Statistics show that up to one third of adults may suffer from insomnia – a finding echoed not once, but twice in separate reports, both within the last few years. The latter report added that nearly a quarter of people manage no more than five hours of sleep a night.
These report findings aren’t limited to the UK, however, with the National Sleep Foundation in America reporting insomnia to be “the most common sleep disorder in the US”, experienced by as many as 40 million Americans each year.
Sleep problems have historically been the most commonly reported mental health complaint in the UK, and with findings like the above from the National Sleep Foundation in the US, we could reasonably expect similar findings in the US, and around the world. But what is insomnia? What are its most common causes, and where do sleep anxiety and sleep dread fit into the equation?
What is insomnia?
The Sleep Council define insomnia as a sleep disorder wherein people have difficult getting to sleep, or indeed in sleeping long enough to feel refreshed the next morning. As such, ‘insomnia’ itself is essentially a cover-all term for sleep problems in several shades. According to the NHS, you have insomnia if you experience any of the following over a period of months, or even years:
- Finding it hard to go to sleep
- Waking up several times during the night
- Lying awake at night
- Waking up early and being unable to go back to sleep
- Still feeling tired after waking up
- Finding it hard to nap during the day, even though you are tired
- Feeling tired, irritable and unable to concentrate during the day
Insomnia can affect anyone at any time, but it is believed to be more common in older people. Of the symptoms above, the most widely reported are still feeling tired after waking up, and waking up several times during the night.
What causes insomnia?
There are a number of basic sleep hygiene factors that, if ignored, will increase your chances of struggling with insomnia:
- An uncomfortable mattress, lumpy pillows or an inadequate duvet
- A bedroom that isn’t dark enough, or is either too hot or too cold
- Surroundings that are too noisy
- Smoking or drinking alcohol, tea or coffee within 6 hours of going to bed
- Eating a large meal late at night
- Exercising within 4 hours of going to bed
- Using a smartphone, laptop or tablet too close to bedtime
What is sleep dread?
With the elements above addressed, you are better positioned to have an uninterrupted night – but this is by no means a one-size-fits-all list. There can be more fundamental contributing factors at play in persistent insomnia, the most extreme form of which, is somniphobia or hypnophobia, more commonly known as “sleep dread” – the fear of falling asleep.
This phobia, as with any phobia not shared by the person hearing about it, is poorly understood. The closest we have is a frank interview carried out by VICE, but it is understandably light in terms of scientific rigour. In the interview, an anonymous interviewee ‘J’, describes his experiences of sleep dread thusly: “It…[affects] every area of my life. I try to avoid sleeping by all means because I’m afraid of dying – by way of a heart attack or a fatal accident. The next day, I feel totally powerless and hopeless”.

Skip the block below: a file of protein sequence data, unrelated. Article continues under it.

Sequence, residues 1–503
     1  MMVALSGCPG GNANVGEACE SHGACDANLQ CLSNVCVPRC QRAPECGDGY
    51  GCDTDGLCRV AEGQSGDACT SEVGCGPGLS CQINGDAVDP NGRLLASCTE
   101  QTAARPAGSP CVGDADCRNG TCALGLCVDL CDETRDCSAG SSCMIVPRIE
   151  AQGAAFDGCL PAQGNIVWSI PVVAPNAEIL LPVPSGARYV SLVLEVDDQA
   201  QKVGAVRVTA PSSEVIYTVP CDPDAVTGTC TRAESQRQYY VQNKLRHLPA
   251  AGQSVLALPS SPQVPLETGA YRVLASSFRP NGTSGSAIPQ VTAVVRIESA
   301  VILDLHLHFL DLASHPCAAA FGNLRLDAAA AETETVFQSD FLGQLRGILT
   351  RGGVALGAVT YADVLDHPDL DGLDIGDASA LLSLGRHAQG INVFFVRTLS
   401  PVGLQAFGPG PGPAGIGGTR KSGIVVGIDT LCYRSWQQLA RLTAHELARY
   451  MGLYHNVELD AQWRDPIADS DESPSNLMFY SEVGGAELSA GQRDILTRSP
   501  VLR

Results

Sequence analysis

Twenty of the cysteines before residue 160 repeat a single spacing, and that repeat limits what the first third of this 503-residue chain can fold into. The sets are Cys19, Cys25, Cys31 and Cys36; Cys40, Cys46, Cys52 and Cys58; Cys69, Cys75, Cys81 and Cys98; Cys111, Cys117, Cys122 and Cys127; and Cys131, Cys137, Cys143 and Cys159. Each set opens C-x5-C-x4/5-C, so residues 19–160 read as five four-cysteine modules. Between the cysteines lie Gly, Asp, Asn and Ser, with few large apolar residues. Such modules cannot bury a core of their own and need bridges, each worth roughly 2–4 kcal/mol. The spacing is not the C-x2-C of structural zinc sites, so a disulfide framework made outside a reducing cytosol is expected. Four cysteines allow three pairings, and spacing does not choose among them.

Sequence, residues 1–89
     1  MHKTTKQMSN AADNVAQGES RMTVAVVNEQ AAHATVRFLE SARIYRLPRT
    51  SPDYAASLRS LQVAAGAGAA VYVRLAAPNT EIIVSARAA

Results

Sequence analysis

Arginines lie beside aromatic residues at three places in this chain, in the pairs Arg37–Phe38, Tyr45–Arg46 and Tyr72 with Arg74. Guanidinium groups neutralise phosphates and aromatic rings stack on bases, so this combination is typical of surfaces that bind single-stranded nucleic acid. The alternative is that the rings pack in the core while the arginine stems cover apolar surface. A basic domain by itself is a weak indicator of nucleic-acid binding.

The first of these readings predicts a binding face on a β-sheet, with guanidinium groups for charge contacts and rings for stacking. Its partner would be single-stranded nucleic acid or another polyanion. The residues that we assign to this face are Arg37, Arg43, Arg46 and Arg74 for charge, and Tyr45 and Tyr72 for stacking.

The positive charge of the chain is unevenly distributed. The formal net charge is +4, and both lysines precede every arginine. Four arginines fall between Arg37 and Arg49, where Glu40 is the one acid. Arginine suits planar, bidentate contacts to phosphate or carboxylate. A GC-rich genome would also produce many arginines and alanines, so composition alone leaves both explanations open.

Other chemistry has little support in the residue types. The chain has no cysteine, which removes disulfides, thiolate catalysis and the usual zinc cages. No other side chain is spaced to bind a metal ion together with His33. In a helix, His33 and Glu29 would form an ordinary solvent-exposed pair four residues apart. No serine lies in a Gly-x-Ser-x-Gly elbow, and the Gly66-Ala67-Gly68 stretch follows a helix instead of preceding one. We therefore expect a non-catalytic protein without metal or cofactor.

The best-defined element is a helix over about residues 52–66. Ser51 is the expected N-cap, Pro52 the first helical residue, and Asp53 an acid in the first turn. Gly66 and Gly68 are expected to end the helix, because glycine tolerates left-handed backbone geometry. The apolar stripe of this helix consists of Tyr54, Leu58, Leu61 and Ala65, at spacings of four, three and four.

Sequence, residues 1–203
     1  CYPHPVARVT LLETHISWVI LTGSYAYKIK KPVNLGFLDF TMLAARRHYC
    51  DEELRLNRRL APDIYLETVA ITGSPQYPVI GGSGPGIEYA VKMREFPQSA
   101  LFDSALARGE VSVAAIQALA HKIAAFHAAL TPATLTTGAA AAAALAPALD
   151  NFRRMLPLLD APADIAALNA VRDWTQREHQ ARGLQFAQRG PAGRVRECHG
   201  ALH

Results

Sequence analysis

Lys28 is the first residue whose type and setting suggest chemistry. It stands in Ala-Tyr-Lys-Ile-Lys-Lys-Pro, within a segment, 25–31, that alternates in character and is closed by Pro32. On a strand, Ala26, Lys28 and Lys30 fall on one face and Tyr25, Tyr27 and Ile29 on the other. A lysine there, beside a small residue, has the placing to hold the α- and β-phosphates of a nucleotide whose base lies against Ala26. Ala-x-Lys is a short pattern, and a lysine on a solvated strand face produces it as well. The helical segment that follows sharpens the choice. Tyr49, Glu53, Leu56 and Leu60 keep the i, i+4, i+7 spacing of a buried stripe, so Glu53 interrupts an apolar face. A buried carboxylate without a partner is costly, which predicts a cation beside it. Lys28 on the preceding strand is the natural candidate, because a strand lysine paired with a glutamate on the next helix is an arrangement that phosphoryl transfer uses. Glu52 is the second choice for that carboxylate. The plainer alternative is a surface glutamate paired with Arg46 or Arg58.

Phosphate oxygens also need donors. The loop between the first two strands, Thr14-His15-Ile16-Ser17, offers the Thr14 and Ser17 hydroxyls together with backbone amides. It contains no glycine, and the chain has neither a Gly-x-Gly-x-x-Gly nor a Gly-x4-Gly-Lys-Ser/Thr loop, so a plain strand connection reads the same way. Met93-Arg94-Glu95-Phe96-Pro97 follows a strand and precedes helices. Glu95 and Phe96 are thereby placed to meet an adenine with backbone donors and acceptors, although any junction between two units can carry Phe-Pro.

He adds: “When I prepare to sleep I suffer a gradual increase of anxiety. My body triggers episodes of panic and choking, to prevent me from falling asleep. It’s hard to explain, you have to feel it: My pulse quickens, I tremble, I don’t know what to do.”
Debilitating though J’s description of sleep dread sounds, it remains a stone unturned in the world of sleep research, relegating it to a severe edge case in the spectrum of insomnia. The closest form that a greater proportion of people might have experienced is, what a study published in January 2019 termed ‘highly distressed’ insomnia – that is, insomnia that causes pronounced stress and anxiety (rather than stress and anxiety that causes insomnia), which brings us to sleep anxiety.
What is sleep anxiety?
Sleep anxiety generally occurs when, just before settling down for sleep, we “begin to ruminate about what [we] have to do tomorrow, or what [we] didn’t get done [that day]”, according to therapist Ginger Poag, speaking to Greatist. This is by no means a complete list of pre-sleep ruminations. We might worry about embarrassing moments earlier in the day, or even earlier in the year. We might worry about a friend’s reaction to an offhand comment, we might even worry about the amount of sleep we will or won’t get that night.
The list of circumstances we might ruminate about is practically infinite, but the resulting symptoms are usually not. Poag notes that, no matter the cause of the rumination, they can lead to “frantic thoughts, increased heart rate and difficulty breathing”, adding that “it’s a vicious cycle – because of the rumination [we] don’t sleep, and the lack of sleep makes everything feel worse”, making us “anxious and fearful that [we] will not sleep another night”.
Our doctors will always have your best interests in mind, recommending the treatment that they believe will be the most suitable for your situation. As such, we will not prescribe zopiclone or other sleeping tablets, instead recommending one, or several of the following solutions to your continued insomnia, sleep anxiety or sleep dread:
- Provide referrals for cognitive behavioural therapy (CBT) to help you challenge counterproductive pre-sleep thoughts
- Offer sleep hygiene advice beyond the bullet points above to right fundamental disruptors in your bedroom environment
- Treat sleep disorders such as sleep apnoea, sleepwalking or narcolepsy
- Treat physical health problems such as joint pain, heart or respiratory problems and so on, all of which will be hindering your ability to fall asleep